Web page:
North West Academies Trust (NWAT)’s proposals for two new free schools on the Wirral have been cited as an example of a progressive ‘bottom up’ reform of the grammar school system by the Chair of National Grammar School Association (NGSA).
In an article titled New Grammar Schools – How, When and for Whom? Bob McCartney QC discusses the two central propositions within the Government’s grammar school consultation paper – namely that current grammar schools are academically successful and should increase in numbers, and that able, but socially disadvantaged, pupils should have greater access to them.
Whilst Mr McCartney praises the basic premise of the proposals he quickly highlights the need for a pro-active strategy to allow said pupils the option of a grammar school education.
Mr McCartney said: “Since grammar schools by their nature are academic, all children, regardless of their background, are requested to demonstrate by a selective test that they will benefit from the education they offer. In competition with their better-off peers who enjoy a range of advantages from informed, aspirational parents to private coaching, disadvantaged children are severely handicapped.”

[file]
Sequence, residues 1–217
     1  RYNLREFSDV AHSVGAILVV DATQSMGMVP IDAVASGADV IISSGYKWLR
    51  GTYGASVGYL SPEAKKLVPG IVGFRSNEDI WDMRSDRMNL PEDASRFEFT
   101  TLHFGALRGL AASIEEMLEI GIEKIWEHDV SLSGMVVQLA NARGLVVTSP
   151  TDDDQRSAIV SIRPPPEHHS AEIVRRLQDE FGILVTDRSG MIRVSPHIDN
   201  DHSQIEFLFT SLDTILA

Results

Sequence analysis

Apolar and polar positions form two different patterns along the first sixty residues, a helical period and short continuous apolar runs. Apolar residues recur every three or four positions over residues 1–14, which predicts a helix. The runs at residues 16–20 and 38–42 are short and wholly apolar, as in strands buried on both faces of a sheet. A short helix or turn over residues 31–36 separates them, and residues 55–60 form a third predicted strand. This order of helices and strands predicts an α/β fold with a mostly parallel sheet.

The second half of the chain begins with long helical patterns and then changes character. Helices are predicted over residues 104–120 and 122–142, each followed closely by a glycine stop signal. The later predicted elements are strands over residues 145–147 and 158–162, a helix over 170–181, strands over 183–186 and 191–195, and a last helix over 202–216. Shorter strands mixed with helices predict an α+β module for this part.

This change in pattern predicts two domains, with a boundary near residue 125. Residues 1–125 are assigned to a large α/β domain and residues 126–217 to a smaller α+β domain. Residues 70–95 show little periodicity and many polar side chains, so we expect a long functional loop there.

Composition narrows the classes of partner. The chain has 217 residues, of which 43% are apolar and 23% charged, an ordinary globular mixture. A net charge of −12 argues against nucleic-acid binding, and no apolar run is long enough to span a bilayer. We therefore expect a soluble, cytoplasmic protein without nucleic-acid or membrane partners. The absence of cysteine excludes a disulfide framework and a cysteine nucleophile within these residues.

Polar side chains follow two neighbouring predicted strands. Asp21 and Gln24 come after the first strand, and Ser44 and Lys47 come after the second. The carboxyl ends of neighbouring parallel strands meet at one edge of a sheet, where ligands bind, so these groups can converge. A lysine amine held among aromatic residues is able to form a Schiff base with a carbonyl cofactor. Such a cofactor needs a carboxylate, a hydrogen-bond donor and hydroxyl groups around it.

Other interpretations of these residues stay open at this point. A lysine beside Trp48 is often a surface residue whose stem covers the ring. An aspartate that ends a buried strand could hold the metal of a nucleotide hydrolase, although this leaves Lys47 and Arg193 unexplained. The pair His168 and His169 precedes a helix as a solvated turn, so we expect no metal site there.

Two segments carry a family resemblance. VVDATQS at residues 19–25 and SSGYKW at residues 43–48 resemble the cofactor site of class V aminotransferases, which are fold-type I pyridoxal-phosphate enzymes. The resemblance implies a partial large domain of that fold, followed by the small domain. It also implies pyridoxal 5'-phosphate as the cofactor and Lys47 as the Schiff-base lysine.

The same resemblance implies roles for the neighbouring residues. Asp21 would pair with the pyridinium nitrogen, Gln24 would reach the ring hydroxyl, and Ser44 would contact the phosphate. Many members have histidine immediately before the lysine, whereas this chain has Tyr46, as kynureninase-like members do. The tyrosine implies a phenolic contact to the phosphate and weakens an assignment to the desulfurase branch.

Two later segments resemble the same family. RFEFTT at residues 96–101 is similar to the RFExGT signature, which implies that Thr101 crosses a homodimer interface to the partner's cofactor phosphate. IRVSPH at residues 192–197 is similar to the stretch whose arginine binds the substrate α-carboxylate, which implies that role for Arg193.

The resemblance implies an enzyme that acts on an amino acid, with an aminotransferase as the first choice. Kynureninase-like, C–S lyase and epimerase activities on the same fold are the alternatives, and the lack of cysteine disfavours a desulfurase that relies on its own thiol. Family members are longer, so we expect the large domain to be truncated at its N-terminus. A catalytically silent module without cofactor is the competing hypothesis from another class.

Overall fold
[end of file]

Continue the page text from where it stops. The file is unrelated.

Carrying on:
Identifying what he see as the main obstacles – including parental apathy and lack of awareness and low academic standards – he suggest that any reform of the system must start at primary level and involve a ‘bottom up’ approach rather than what he sees as the ‘top-down strategy’ outlined in the Government’s consultation paper.
Mr McCartney said: “The NGSA has recently become aware of a proposal by the North West Academies Trust which demonstrates a complete and practical scheme for the “bottom-up” approach advocated in the NGSA’s response paper. The trust has an outstanding record in turning around some of the worst-performing primary schools in England. It proposes to open two free primary schools on two sites across the disadvantaged areas of the Wirral. The applications opening paragraph discloses its aim:
‘… to provide a high quality innovative education which enables pupils to go on and attend a grammar school. Our schools will admit a mixture of pupils with the criteria that at least 50% are in receipt of free school meals…’
“Is it presumptuous to suggest that the Minister, her officials and the PM’s special adviser might find it more profitable to consult with such as the North West Academies Trust rather than solely with the representatives of established and perhaps vested interests?”
NWAT is delighted that our commitment to increasing opportunity and choice for all children, regardless of social or economic background, has been recognised in this way and we remain passionate about providing stimulating and vibrant learning environments for each and every pupil.
To read the full article by Mr Bob McCartney QC click here NGSA – New grammar schools-Bob McCartney